An infinity mirror is part of an upcoming build of mine. There are lots of great descriptions of how to make these on the site already, and I checked a lot of them out - especially Ben Finio's excellent and encouraging Arduino-powered version. However, I was keen to leverage my novice skills with Fusion360 (the first solid 3D modeling program I've used) and 3D printed the enclosure for a flexible string (rather than a strip) of LEDs. I was very happy with the look of the final product - the diffusers made it easy on the eye, it had an interesting exposed look to the wiring, and I liked how the back of each LED case glowed. The first one I made was 6" in diameter and had 25 LEDs: this one is 9" in diameter and has 50 LEDs (the entirety of one string). If you've never made an infinity mirror because it looks too complex, but would like to and you have access to a 3D printer, try this one. It doesn't use much resin (and needs no support material) and no significant making/computing/programming/wiring skills are required. It also has an interactive twist: a handle on the front allows you to warp the mirror, creating interesting wormhole effects.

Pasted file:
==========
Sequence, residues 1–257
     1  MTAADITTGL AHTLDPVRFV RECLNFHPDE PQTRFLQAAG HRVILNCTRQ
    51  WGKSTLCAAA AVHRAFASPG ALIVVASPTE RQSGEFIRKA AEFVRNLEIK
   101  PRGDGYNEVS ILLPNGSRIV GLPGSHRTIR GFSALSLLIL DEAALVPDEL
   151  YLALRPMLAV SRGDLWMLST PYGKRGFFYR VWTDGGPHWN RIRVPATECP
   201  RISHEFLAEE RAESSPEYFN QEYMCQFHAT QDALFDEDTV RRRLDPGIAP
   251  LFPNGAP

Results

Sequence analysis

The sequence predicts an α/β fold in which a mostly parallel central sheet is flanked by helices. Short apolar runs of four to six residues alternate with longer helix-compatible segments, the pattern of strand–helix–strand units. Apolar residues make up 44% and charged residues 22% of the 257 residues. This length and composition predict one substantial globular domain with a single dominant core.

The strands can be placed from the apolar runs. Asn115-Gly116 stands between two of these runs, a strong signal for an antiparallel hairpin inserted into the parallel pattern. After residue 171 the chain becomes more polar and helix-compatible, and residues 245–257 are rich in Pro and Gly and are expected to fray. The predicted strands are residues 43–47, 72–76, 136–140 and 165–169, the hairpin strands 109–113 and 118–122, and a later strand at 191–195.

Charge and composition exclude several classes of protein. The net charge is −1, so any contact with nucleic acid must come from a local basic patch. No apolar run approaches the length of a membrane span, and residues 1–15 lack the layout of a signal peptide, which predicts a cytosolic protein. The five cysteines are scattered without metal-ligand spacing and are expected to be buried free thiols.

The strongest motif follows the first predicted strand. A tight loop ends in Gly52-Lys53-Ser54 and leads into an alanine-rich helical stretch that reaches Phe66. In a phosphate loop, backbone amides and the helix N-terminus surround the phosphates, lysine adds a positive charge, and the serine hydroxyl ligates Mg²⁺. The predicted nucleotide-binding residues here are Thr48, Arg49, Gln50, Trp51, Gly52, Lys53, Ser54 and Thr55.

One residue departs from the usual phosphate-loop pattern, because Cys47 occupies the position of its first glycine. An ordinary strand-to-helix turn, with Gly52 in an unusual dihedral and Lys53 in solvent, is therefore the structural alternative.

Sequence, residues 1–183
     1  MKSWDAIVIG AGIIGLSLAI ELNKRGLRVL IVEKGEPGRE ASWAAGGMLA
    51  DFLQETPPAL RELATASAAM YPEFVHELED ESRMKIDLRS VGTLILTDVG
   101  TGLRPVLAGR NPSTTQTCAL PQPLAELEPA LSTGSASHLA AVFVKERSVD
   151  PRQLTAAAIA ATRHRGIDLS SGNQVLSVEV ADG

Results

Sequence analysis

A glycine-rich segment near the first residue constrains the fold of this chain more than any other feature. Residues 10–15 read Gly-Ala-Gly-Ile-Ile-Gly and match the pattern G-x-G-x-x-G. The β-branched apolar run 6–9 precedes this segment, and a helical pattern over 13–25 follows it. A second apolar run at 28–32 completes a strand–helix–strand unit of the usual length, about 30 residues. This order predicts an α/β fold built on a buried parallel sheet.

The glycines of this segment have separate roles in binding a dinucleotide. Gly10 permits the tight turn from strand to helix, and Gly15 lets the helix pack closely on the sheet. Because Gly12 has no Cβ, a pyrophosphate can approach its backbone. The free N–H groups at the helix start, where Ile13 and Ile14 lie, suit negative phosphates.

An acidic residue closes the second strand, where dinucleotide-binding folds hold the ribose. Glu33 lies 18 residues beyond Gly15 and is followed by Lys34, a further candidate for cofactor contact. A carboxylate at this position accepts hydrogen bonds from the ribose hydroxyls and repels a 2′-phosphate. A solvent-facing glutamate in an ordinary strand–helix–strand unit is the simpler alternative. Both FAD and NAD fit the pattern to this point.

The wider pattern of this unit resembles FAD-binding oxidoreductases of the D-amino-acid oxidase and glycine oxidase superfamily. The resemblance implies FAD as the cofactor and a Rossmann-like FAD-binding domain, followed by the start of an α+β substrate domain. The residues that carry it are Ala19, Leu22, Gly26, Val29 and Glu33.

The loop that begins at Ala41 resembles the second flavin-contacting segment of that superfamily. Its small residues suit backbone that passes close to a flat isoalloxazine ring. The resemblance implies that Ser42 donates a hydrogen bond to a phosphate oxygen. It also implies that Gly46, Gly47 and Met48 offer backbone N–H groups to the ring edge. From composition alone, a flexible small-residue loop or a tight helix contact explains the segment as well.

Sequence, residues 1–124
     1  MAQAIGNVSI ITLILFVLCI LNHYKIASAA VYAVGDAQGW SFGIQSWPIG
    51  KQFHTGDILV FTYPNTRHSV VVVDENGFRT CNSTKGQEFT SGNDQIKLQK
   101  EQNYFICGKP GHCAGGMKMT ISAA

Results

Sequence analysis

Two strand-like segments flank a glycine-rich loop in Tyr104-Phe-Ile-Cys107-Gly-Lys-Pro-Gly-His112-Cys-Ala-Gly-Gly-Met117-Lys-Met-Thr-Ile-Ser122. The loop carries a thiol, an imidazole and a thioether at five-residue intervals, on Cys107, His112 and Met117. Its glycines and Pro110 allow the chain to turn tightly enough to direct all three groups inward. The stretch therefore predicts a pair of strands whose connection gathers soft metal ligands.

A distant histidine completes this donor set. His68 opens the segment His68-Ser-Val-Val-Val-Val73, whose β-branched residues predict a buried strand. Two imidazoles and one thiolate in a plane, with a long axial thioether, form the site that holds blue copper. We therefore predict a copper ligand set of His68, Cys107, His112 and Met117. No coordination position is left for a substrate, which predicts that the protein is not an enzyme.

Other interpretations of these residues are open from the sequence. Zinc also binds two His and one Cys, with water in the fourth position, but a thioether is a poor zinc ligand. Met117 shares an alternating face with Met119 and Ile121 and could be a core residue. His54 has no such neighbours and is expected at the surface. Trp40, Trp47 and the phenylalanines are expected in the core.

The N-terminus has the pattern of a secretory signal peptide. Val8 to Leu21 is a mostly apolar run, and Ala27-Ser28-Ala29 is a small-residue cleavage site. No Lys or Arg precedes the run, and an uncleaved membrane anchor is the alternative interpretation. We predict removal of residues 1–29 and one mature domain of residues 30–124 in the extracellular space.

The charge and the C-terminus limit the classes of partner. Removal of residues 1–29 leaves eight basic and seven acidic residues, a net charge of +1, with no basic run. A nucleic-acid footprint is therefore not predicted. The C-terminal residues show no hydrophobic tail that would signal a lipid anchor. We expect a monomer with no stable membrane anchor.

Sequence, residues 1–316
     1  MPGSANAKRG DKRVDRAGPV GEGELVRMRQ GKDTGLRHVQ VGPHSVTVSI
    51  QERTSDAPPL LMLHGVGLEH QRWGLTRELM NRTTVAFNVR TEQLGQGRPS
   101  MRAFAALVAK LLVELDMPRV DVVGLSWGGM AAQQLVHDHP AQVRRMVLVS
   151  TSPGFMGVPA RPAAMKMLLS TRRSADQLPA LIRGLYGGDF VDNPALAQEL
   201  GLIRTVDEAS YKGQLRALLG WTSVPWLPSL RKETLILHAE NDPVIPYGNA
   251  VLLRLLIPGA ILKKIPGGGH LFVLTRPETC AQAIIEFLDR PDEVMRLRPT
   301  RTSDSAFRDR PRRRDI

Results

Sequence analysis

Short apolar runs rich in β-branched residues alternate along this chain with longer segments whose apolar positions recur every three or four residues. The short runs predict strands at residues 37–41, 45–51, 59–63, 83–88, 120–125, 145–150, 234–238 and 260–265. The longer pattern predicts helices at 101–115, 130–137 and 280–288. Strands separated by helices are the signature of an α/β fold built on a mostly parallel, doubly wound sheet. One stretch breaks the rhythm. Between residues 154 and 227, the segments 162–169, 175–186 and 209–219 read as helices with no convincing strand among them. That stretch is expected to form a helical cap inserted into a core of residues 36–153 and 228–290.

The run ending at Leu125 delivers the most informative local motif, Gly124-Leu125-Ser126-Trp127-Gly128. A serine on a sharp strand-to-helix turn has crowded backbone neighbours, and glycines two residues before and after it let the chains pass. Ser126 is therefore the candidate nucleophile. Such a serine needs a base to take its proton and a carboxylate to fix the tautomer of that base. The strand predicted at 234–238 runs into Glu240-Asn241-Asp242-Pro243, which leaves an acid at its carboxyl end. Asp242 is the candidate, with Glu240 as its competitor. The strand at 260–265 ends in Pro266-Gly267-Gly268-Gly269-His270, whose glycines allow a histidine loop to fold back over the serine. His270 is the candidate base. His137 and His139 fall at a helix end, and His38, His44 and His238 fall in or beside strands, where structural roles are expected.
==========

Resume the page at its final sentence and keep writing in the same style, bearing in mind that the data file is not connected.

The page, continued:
You can also tune the position of the rear mirror, but because it is made of glass, you can only tilt it, not warp it.
I've tried to make this build as kit-like as possible, but you will still need access to some modern making facilities: a laser cutter and a 3D printer. However, the laser cutting job is just a simple circle and the 3D print has been designed to be printed in 3 low-volume parts with no supports required, so the actual procedures are not difficult. Very doable at any makerspace. You will need:
The 3D printed parts were designed in three pieces, for two purposes: I wanted the infinity mirror to be easy to assemble AND easy to print. Printing without supports is always desirable because it saves resin and cleanup. Print the three pieces flat side down. They're all under 10" in diameter, so any 3D printer with a build area of at least 10x10" will be able to print them just fine. Print in black if possible. I used a Stratasys Fortus, and the base, middle and top used 3.1, 0.7 and 1.5 cubic inches of model material respectively.
If your build volume is not big enough to print the part in one piece, chop it up (e.g. using Meshmixer), print separately, and glue back together. The final product will be plenty strong enough because the glue joints can be offset.
Note there are two "top" parts, one warping, one not. The warping one is just taller, to allow the mirror to move.